On: July 19, 2015
Well mostly, at least.
That’s harsh, but it’s true. Those old standbys, the 30-second TV spot and ¼ page newspaper ad, don’t work very well anymore when trying to reach and influence an audience. Sure during the Mad Men era this kind of advertising was very effective. But in those days, the number of channels people could turn to for entertainment was fairly limited. Don Draper had it easy.
That was a time of scarce content and abundant attention. Advertisers could interrupt that content – an episode of Friends or Seinfeld – with an ad that would reach and influence the buying behaviour of a large enough segment of the audience to make it all worthwhile.
But now the script is flipped. An advertiser’s audience is widely fragmented. Anyone with a wifi connection can access a world of content. We’re not limited to our local media. It’s all there, just a click away. And we certainly don’t gather around our TVs on Thursday nights for “Must See TV” anymore. With Netflix, PVRs, YouTube and Torrents, no one watches a TV show at the same time (with the important exception of sports or awards ceremonies).
We’re living in an era of abundant content and scarce attention. Most advertising has become little more than ambient noise, always there buzzing in the background but never quite registering. By some estimates, the average person in North America is bombarded with up to 5000 advertising impressions every day. So what connects?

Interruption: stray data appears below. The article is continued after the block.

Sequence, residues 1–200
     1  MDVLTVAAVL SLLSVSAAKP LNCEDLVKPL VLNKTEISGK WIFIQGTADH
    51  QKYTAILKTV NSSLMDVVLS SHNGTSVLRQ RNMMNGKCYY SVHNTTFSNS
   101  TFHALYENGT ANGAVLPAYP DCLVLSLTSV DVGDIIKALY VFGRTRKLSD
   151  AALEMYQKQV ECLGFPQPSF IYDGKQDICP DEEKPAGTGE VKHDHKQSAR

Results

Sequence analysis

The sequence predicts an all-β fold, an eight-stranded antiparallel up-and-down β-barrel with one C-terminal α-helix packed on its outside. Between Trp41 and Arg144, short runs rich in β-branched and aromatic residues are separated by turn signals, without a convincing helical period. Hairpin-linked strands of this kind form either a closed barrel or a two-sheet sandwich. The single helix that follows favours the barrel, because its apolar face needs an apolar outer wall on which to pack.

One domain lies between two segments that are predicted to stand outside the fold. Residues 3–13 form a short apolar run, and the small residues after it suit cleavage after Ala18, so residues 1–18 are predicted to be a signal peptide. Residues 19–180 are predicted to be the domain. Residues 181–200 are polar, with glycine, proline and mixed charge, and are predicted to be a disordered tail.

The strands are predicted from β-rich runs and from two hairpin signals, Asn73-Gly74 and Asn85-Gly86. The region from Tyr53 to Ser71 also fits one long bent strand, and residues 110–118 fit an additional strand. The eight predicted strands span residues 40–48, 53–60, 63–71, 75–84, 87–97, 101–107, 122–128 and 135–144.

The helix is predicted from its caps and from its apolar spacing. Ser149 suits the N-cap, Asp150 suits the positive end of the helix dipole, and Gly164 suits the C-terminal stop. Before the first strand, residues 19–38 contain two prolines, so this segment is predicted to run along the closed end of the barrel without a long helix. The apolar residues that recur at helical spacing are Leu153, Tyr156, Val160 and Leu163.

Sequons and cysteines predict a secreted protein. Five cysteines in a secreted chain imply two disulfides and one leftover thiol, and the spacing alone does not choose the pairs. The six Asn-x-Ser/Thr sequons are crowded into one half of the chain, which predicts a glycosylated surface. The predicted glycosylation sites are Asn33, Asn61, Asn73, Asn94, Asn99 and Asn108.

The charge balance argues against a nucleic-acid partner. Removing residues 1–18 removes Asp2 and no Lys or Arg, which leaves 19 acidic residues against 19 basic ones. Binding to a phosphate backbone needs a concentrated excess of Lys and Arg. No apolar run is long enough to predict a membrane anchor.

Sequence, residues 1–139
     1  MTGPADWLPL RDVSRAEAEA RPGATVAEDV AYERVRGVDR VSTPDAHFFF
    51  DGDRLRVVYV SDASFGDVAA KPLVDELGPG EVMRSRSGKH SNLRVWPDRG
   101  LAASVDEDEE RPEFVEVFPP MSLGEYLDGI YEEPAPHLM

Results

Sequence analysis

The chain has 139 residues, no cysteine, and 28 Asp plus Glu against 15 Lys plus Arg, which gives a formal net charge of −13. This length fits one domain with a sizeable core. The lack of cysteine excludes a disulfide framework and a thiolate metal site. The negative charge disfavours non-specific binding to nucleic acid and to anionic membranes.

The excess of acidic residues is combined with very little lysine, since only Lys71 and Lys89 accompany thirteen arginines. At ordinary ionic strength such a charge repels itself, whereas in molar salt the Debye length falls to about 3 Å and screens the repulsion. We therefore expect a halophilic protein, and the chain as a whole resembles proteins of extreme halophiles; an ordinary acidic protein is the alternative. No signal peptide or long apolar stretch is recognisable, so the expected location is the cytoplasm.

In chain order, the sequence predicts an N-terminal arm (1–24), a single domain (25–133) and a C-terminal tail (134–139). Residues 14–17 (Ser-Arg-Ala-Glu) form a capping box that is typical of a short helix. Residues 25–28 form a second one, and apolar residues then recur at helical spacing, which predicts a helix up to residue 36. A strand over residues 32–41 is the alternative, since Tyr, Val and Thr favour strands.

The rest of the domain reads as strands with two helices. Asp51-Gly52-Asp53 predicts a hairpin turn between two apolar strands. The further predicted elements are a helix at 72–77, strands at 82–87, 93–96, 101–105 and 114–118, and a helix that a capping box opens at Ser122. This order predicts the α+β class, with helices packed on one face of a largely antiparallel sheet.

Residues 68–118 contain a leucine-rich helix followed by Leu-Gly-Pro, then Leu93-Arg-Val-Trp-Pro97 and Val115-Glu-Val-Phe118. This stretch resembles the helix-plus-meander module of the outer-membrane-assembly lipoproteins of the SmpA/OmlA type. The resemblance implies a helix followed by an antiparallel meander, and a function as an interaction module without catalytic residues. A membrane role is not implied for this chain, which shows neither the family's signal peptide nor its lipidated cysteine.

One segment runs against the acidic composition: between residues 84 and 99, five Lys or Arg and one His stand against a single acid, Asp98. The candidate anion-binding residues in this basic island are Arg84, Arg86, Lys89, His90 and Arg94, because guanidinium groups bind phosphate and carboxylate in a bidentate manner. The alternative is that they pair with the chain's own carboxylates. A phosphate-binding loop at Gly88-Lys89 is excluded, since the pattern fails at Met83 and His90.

Think about last year’s Super Bowl, the biggest advertising event of the year. It cost millions of dollars to run a 30-second spot and millions more to produce it. Dozens of commercials aired. Now how many do you remember?
So if advertising (mostly) sucks, what should someone do to reach and motivate an audience? More and more organizations are turning to “inbound marketing” to reach and connect with the people they care about.
Inbound marketing is the opposite of interruption marketing. With inbound, you produce content that people actually want to consume – blog posts, infographics, photos, videos, white papers – that draws them to you. It’s content that is posted online and often shared through social media or found through carefully optimized search engine results.
Our friends at HubSpot, the world’s top inbound marketing platform, describe the inbound process like this:
With inbound marketing you build your own audience, unlike in advertising where you are “renting” one from a newspaper or magazine. Inbound starts and sustains relationships, often allowing you to automate parts of the process.
Inbound marketing is a powerful tool, one that is becoming a central marketing strategy for many organizations around the world. Still, dipping your toe in the inbound marketing world can be daunting – there is always security in the old ways of doing things (even if they don’t really work anymore).
So we’ve created a new Bonfire eBook that explains inbound marketing, how it works, and how your business can use it. Download it today. And give us a call if you have any questions.